"... This paper is an extension of a previous work where two nondeterminism analyses were presented. One of them was ecient but not very powerful and the other one was more powerful but very expensive. Here, we develop an intermediate analysis in both aspects, eciency and power. The improvement in ecienc ..."
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This paper is an extension of a previous work where two nondeterminism analyses were presented. One of them was ecient but not very powerful and the other one was more powerful but very expensive. Here, we develop an intermediate analysis in both aspects, eciency and power. The improvement in eciency is obtained by speeding up the xpoint calculation by means of a widening operator, and the representation of functions through easily comparable signatures. Also details about the implementation and its cost are given. 1
Under consideration for publication in J. Functional Programming 1 Nondeterminism Analyses in a ParallelFunctional Language
"... The parallelfunctional language Eden has a nondeterministic construct, the process abstraction merge, which interleaves a set of input lists to produce a single nondeterministic list. Its nondeterministic behaviour is a consequence of its reactivity: it immediately copies to the output list any ..."
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The parallelfunctional language Eden has a nondeterministic construct, the process abstraction merge, which interleaves a set of input lists to produce a single nondeterministic list. Its nondeterministic behaviour is a consequence of its reactivity: it immediately copies to the output list any value appearing at any of the input lists. This feature is essential in reactive systems and very useful in some deterministic parallel algorithms. The presence of nondeterminism creates some problems such that some internal transformations in the compiler must be disallowed. The paper describes several nondeterminism analyses developed for Eden aimed at detecting the parts of the program that, even in the presence of a process merge, still exhibit a deterministic behaviour. A polynomial cost algorithm which annotates Eden expressions is described in detail. A denotational semantics is described for Eden and the correctness of all the analyses is proved with respect to this semantics. 1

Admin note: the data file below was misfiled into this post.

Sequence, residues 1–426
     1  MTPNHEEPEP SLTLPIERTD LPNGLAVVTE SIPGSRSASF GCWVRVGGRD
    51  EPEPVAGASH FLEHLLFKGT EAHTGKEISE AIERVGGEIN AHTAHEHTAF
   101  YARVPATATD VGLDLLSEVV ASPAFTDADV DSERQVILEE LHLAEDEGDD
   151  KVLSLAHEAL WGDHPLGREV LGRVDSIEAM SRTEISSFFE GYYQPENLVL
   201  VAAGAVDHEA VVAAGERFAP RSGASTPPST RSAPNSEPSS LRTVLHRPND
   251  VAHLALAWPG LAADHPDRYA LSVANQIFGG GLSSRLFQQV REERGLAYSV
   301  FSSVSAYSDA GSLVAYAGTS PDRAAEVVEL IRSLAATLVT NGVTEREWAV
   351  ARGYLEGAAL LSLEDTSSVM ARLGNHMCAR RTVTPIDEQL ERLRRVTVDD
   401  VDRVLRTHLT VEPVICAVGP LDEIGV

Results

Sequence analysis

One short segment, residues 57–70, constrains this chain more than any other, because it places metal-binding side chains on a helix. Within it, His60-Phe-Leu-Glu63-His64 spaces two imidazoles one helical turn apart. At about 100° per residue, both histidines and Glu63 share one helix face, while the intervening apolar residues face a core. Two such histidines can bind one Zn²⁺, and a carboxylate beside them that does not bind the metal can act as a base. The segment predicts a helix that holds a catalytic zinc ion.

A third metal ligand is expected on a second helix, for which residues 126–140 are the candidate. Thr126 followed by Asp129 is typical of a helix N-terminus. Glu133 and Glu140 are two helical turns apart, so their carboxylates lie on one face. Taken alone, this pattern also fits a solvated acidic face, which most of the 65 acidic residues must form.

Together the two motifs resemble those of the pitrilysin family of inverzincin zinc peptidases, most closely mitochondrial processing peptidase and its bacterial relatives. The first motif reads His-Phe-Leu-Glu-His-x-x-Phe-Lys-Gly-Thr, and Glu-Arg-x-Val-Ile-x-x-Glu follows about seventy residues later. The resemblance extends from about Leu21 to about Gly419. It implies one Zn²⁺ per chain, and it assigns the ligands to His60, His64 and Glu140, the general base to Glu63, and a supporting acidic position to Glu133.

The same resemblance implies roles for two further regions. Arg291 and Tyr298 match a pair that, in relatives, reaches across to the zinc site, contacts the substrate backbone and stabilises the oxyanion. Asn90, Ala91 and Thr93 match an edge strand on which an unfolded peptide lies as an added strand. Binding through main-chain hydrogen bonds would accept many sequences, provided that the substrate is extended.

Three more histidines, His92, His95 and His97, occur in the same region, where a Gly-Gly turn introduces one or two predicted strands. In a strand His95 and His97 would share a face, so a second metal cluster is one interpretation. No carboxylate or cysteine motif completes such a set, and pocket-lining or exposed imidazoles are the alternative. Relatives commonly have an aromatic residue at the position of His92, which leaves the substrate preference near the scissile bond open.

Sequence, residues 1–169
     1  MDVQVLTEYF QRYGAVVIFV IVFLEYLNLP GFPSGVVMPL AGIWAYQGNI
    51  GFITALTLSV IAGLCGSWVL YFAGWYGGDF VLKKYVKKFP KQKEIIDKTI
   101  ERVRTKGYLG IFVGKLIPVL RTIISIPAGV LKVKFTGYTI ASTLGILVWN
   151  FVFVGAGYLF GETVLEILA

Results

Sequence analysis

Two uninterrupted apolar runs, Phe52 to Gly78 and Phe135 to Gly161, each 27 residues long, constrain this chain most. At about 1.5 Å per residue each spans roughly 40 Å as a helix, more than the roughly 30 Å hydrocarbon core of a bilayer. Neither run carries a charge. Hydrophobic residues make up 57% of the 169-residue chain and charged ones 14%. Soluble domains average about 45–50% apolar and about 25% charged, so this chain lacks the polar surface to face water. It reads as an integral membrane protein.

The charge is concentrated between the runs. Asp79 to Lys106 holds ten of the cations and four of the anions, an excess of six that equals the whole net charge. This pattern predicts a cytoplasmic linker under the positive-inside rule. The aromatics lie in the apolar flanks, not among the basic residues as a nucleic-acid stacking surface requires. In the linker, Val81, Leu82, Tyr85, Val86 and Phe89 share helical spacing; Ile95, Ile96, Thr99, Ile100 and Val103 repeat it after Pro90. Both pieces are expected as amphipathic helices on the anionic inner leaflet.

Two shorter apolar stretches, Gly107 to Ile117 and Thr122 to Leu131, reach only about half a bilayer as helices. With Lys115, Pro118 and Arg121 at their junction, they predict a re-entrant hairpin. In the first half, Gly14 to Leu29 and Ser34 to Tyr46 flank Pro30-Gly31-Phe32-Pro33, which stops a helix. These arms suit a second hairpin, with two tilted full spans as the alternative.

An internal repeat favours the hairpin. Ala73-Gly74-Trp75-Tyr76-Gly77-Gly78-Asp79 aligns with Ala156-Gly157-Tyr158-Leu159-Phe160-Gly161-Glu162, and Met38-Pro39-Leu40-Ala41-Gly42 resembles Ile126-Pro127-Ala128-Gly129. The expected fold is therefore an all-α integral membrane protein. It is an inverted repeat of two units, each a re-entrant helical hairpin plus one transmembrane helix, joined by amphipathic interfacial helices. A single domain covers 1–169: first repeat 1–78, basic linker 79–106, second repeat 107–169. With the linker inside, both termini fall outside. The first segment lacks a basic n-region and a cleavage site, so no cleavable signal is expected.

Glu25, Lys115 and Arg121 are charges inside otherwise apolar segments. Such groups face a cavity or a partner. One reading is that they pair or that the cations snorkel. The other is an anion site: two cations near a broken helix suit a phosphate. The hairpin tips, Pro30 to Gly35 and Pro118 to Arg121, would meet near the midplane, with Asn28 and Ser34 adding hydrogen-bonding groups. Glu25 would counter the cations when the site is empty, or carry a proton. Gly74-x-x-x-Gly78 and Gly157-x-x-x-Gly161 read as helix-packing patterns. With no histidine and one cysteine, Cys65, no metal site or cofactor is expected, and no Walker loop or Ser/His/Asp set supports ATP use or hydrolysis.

WFLP 2006 Implementing DynamicCut in T OY 1
"... This paper presents the integration of the optimization known as dynamic cut within the functionallogic system T OY. The implementation automatically detects deterministic functions at compile time, and includes in the generated code the test for detecting at runtime the computations that can actu ..."
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This paper presents the integration of the optimization known as dynamic cut within the functionallogic system T OY. The implementation automatically detects deterministic functions at compile time, and includes in the generated code the test for detecting at runtime the computations that can actually be pruned. The outcome is a much better performance when executing deterministic functions including either orbranches in their definitional trees or extra variables in their conditions, with no serious overhead in the rest of the computations. The paper also proves the correctness of the criterion used for detecting deterministic functions w.r.t. the semantic calculus CRWL.